NZ opposition Labour looks to nationalist ‘kingmaker’ to form govt
WELLINGTON (Reuters) – New Zealand’s opposition Labour leader Jacinda Ardern said on Monday she would seek to form a coalition government with the country’s small nationalist party after it was left holding the balance of power following Saturday’s indecisive election.
The ruling National Party won the most seats, but failed to secure enough to form government, leaving the nationalist New Zealand First Party leader Winston Peters kingmaker.
Prime Minister Bill English and head of the ruling National Party began courting Winston on election night.
English has said it could take weeks to form a coalition government, with the uncertainty weighing on the New Zealand dollar, which posted its biggest daily drop in over four months.
Peters is a veteran maverick politician who has served as a cabinet minister in both previous National and Labour governments and also said talks would take “two to three weeks”.
While Labour trailed the National Party by around 10 points, under the country’s German-style proportional representation it could still form government if it goes into coalition with the Green Party and the New Zealand First Party.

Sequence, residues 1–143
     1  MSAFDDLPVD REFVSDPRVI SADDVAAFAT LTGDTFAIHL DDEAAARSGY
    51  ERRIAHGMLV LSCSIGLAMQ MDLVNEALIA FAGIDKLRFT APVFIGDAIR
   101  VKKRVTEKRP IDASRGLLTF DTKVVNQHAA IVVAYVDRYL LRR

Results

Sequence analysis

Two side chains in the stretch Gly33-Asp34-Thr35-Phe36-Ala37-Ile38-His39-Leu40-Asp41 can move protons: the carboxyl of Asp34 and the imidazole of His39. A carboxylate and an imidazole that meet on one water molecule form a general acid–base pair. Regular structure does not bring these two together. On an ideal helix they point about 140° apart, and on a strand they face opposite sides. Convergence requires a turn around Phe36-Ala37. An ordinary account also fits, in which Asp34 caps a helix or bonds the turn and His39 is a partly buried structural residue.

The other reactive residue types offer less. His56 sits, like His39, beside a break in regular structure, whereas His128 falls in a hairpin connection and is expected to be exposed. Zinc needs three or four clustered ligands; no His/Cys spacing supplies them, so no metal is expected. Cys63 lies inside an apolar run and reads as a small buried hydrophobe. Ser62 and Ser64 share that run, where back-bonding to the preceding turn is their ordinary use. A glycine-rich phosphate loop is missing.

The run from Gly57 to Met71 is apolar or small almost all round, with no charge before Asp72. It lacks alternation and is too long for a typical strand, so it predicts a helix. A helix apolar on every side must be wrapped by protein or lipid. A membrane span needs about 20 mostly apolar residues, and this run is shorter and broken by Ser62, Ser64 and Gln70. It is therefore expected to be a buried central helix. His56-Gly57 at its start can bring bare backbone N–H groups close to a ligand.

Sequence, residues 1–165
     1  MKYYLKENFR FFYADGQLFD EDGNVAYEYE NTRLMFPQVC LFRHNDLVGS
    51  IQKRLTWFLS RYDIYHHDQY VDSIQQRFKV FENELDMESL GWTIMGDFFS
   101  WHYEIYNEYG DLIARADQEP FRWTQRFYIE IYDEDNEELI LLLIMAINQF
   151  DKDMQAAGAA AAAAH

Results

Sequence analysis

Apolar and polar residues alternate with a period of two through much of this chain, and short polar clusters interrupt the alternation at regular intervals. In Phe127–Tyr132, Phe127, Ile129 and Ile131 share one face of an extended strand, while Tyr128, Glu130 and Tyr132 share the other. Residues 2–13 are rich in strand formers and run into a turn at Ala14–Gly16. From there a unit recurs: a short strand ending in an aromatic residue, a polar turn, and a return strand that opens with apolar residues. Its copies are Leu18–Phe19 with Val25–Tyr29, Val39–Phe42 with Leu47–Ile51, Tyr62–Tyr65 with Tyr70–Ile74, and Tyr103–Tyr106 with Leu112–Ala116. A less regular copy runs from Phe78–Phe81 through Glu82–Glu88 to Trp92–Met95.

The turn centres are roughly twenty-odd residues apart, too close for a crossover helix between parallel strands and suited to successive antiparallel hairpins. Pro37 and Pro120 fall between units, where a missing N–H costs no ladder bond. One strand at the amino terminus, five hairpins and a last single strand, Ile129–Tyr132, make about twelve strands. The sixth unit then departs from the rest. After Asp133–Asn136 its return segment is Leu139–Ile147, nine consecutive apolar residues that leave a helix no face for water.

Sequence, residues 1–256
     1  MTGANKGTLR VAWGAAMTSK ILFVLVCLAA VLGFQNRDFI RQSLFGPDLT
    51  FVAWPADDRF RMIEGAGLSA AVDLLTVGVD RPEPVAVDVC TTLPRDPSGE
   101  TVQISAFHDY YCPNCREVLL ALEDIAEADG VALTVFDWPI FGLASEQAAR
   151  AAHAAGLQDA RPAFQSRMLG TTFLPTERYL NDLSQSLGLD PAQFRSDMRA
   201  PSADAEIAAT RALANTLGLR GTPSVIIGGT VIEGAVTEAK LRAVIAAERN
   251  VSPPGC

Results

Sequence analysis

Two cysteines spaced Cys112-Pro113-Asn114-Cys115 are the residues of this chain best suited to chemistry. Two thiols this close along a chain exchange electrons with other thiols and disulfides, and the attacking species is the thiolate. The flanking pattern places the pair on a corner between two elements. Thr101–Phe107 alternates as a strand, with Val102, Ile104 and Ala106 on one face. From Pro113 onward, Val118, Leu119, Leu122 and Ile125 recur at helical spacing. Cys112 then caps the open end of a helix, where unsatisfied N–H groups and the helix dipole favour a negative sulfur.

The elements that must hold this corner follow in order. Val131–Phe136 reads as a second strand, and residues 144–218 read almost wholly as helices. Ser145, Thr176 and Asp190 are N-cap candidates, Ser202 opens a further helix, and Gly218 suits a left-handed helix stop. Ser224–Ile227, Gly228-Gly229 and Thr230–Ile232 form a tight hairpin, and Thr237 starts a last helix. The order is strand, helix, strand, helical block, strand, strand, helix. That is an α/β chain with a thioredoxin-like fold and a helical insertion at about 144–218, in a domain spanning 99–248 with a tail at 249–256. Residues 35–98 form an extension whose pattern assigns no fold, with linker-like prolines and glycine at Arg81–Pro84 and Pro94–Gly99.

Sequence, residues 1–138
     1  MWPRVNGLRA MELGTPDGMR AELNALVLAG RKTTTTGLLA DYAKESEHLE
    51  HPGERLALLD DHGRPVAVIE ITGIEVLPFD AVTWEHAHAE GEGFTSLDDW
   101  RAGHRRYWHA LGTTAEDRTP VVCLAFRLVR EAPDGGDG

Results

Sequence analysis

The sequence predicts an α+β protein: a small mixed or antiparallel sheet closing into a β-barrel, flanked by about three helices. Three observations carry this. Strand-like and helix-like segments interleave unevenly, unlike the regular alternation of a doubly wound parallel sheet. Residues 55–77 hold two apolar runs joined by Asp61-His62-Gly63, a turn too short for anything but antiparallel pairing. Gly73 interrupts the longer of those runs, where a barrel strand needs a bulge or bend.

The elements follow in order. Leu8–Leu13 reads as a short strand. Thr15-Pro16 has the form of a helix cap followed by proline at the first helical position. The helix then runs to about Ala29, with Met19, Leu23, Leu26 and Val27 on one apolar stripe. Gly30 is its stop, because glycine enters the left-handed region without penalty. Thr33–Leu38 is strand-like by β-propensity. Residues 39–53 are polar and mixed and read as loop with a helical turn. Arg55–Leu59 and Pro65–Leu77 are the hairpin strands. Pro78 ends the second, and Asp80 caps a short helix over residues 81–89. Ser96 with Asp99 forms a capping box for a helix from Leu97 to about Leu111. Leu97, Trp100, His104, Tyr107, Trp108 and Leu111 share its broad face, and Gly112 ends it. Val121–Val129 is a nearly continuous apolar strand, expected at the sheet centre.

“My expectation is over the next couple of days to reach out but I haven’t done so yet,” Ardern told reporters in Wellington, referring to Winston Peters. “Our job now is to work with what voters delivered us which was an expectation that …as a bloc that voted against the status quo to see if we can form a stable coalition government.”
National secured 58 seats ahead of the 52 seats from the Green Party and Labour, which experienced a surge in popularity under new leader Ardern. That left both still needing NZ First’s nine seats to reach the 61 seats required to form a government.
While both National and Labour are expected to adhere to fiscal prudence, they will likely differ on monetary policy, trade and immigration.
Some expect Labour’s plans to cut migration and renegotiate some trade policies will hurt two key sources of growth for New Zealand’s small, open economy.
There is also some concern about what NZ First will demand in return for supporting the winning party. Peters has lobbied for more currency intervention by the central bank, which would weigh on the Kiwi, the world’s 11th most traded currency.
The New Zealand dollar fell 1.19 percent to $0.7254, posting it biggest daily loss since May amid uncertainty over the make-up of the country’s next government.
“We now wait to find out who is going to form a coalition with NZ First and that may take some weeks,” said Stuart Ive, dealer at OM Financial.
A final tally of the election results are due on Oct. 7, when “special votes”, which will make up 15 percent of the total and which includes overseas votes, are released. English remains prime minister in the interim.